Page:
César Ritz – as his nickname says – was the “king of hoteliers, and hotelier to kings”. He was a Swiss hotelier, born in 1850 and the founder of many famous hotels. Maybe one of the crown jewels of his empire is the Hôtel Ritz Paris.
After almost four years of refurbishment and a devastating fire earlier this January, Hôtel Ritz Paris was reopened on 6 June, 2016. We admired the magnificent building with such a provenance at the occasion of Maison Chanel’s high jewellery presentation at the Paris Fashion week – you can find the article here.
“I dream of a house that I will be proud to carry my name” – César Ritz
César Ritz founded the Hôtel Ritz Paris in 1898 together with Georges Auguste Escoffier, the French chef who is recognized as the father of modern French cuisine.
Ritz updated the original architecture of the palace from 1705. His innovative mind and high standards demanded a bathroom for every suite, that made it the first hotel in Europe with such facilities. The rooms had the maximum possible amount of sunlight with a nice view onto the elegant Place Vendôme or to the hotel’s garden.
In the early 20th century the Hôtel Ritz Paris became the epitome of luxury, lavishness, fine dining and excellent services to the extent that it established the adjective “ritzy” as the synonym of elegant and opulent. Its outstanding history is marked by many famous and infamous faces. The local and international elite and jet-set society have chosen it as their preferred haunt. Marcel Proust, F. Scott Fitzgerald, Ernest Hemingway, King Edward VII and other prominent royal heads were among the guests and devotees of the Ritz.
Just before the end of the WWI César Ritz died, and was succeeded by his son, Charles Ritz.
In the thirties Coco Chanel travelled to Hollywood twice a year and designed costumes for stars such as Greta Garbo or Marlene Dietrich. But she was not really satisfied with the taste and lifestyle in Hollywood so she returned to Paris. And as she did, she moved into the Ritz in 1937. First she had a suite with a view onto Place Vendôme (the one we had the jewellery presentation in), and later an apartment overlooking Rue Cambon. She made the Ritz her home for more than thirty years until her death in 1971.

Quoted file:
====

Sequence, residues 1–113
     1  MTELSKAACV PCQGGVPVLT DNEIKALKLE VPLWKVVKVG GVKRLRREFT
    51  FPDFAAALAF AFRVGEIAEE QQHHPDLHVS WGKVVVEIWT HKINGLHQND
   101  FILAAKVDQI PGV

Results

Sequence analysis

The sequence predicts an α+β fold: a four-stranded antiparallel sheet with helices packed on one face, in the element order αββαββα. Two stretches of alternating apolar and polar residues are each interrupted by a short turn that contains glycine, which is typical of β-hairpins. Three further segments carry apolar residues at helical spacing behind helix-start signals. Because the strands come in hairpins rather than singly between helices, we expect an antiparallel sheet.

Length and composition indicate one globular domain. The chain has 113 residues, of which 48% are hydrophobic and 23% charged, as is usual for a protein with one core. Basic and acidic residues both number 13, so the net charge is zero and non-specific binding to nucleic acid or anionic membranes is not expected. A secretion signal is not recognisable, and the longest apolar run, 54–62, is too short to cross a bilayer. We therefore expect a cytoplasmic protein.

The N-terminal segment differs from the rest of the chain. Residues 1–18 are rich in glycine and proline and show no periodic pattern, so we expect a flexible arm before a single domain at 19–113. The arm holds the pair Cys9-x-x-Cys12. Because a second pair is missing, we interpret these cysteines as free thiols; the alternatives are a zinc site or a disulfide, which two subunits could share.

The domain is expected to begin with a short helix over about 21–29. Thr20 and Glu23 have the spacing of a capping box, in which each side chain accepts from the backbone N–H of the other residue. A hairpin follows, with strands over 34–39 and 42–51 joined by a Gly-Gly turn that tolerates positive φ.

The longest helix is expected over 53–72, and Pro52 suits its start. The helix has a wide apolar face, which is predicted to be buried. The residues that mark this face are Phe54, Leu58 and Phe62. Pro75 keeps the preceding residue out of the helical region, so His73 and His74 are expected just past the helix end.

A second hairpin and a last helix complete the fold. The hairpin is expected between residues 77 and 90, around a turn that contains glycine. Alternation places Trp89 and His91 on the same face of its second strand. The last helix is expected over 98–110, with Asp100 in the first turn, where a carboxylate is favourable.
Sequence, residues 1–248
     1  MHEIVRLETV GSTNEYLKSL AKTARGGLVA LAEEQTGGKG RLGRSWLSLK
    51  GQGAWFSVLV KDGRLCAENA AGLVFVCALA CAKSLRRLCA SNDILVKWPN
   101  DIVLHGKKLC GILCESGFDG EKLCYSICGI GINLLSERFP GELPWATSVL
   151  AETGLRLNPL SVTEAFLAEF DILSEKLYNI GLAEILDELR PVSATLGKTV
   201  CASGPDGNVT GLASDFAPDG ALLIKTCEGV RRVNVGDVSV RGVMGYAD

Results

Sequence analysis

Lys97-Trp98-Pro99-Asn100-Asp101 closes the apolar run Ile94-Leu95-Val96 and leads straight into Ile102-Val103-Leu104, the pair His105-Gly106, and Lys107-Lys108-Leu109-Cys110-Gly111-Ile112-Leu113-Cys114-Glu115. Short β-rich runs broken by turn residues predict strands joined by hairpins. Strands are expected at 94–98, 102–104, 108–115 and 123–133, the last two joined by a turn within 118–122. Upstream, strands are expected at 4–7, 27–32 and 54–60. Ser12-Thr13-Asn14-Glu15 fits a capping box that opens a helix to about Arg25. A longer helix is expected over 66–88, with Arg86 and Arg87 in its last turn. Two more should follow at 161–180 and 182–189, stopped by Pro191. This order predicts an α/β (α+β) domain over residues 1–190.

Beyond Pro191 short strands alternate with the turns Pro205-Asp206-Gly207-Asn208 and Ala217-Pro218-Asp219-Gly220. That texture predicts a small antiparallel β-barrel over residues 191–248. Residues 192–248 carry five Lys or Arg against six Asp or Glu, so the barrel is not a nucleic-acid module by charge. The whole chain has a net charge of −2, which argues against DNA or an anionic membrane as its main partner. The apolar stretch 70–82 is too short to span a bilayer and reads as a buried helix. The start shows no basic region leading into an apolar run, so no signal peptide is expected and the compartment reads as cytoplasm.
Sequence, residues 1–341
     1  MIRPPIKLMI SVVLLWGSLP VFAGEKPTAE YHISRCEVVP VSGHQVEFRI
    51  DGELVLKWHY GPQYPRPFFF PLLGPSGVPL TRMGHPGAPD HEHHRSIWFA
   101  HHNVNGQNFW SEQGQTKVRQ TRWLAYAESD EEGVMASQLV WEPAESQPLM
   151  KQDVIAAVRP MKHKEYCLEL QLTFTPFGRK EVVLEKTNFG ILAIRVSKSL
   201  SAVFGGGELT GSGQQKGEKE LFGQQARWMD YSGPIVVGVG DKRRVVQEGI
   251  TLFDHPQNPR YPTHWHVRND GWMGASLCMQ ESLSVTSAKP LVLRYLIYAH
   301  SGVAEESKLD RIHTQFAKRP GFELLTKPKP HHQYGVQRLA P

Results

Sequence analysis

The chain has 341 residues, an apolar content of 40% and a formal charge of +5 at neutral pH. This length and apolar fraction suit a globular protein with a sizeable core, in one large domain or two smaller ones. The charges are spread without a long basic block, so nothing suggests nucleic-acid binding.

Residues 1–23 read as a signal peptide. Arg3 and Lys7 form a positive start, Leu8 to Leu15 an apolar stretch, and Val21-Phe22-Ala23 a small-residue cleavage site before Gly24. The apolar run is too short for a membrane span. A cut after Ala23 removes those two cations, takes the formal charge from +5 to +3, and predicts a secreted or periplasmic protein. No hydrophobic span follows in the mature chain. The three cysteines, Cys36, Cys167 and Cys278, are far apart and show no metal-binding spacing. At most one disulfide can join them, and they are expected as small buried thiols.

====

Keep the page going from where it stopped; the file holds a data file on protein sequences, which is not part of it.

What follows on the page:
During WWII the hotel served as the headquarters of the air force of Nazi Germany, the Luftwaffe with their chief Hermann Göring. The exact role and her relationship with German officers is still unclear in many aspects (but serves as a great topic for books and stories such as Sleeping with the Enemy – Coco Chanel’s Secret War by Hal Vaughan).
The interesting stories about the Ritz from Aaron Edward “A.E.” Hotchner, American editor, novelist, friend and biography writer of Ernest Hemingway (who – according to some stories – liberated the bar of the Ritz from the Nazis) are a must read.
The Ritz in Paris saw hard times in the 70’s, but Egyptian business magnate Mohamed Al-Fayed purchased the hotel and renovated it.
On August 1, 2012, the Ritz closed its doors for the first time in its operation for an extensive renovation.
“Le Ritz, c’est le Ritz”
With a delay (due to a fire in January) the Ritz reopened on 6 June 2016, with 71 rooms and 71 suites. The Hemingway Bar has also been refurbished whilst conserving its atmosphere of “ritziness”.
Guests can enjoy an afternoon tea and breathe in the scent of the freshly baked madeleines in the Salon Proust and perhaps recall the memories of past events, just like Proust himself in his novel “In search of lost time”.
New additions include the world’s first Chanel Spa, offering treatments with the products of the Chanel Skincare line.
Photo credits: Ritz Paris – ©The Ritz Hotel Limited, Ministère de la Culture – Médiathèque de l’architecture et du patrimoine, ©Roger Schall, Loupiosity.com.
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